Greenhouse studies and field surveys were conducted in Oregon in an effort to identify what was causing red leaf spotting in holly production in the Pacific Northwest. The field surveys were conducted in 1960 and 1961 at multiple holly orchards in several different Oregon counties.
After observing the yellowing and dying of carnation stem tips in the Portland, OR and Corvallis, OR research was conducted on the William Sim carnation to find out the cause of the growth issues. The results of the study indicated a possible boron deficiency and are discussed by the author.
Research was conducted on Croft Lily bulbs and the influence the digging date had on the number of flowers produced. The author discusses the assumptions made by the industry about Croft lily bulb production in that time period in relation to the results of the research.
Oregon State University affiliated studies were conducted after a report was released about using night interruption with incandescent lighting on holly cuttings. The results from the Oregon study were found to differ from the results of the USDA report released out of Maryland State College.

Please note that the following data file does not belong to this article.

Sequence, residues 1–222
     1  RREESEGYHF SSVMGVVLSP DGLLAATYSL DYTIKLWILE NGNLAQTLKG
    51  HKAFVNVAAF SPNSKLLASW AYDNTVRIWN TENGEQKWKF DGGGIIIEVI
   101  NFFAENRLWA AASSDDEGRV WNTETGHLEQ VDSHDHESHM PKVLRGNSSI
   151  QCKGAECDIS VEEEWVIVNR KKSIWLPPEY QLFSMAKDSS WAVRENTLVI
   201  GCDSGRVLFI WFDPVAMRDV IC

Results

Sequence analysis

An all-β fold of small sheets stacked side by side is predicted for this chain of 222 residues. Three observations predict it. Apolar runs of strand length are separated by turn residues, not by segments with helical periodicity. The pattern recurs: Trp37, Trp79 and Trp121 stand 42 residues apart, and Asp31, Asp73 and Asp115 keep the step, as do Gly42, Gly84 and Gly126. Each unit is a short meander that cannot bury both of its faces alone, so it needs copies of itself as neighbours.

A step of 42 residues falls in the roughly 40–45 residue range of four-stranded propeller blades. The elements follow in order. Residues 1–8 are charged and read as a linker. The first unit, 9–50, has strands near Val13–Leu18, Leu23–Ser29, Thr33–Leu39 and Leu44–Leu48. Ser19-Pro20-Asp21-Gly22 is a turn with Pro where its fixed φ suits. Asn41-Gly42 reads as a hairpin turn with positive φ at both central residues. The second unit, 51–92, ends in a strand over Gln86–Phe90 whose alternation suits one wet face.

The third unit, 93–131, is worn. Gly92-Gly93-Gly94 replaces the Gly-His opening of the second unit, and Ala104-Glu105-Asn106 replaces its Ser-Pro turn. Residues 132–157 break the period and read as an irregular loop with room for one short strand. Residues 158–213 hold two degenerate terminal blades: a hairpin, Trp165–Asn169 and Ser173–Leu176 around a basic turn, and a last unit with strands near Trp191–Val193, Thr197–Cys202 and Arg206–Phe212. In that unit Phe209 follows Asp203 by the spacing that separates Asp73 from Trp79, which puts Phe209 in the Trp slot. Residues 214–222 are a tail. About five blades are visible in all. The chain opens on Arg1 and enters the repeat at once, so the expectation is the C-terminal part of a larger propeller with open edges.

The effectiveness of various treatments for control of powdery mildew was tested on 360 rose plants. The three varieties of roses used in the study were chosen because of their susceptibility to powdery mildew.
Several different insecticides were tested for control of soft scale on holly and camellia over a five year period. Brown soft scale (Coccus hesperidum) and cottony camellia scale (Pulvinaria floceifera) were the two most common soft scale pests of holly and camellia when the study was done.
The results of a 1958 marketing survey to determine the nursery buying habits of homeowners in the Portland, OR area. The survey included questions about the influence of home value, age, length of residence, and family income on buying habits.
Studies on Croft lily bulbs treated with Thimet examined the insecticides effectiveness as a control against nematodes, aphids and fungus. The study also looked at the effect Thimet had on plant growth when forcing Croft lilies.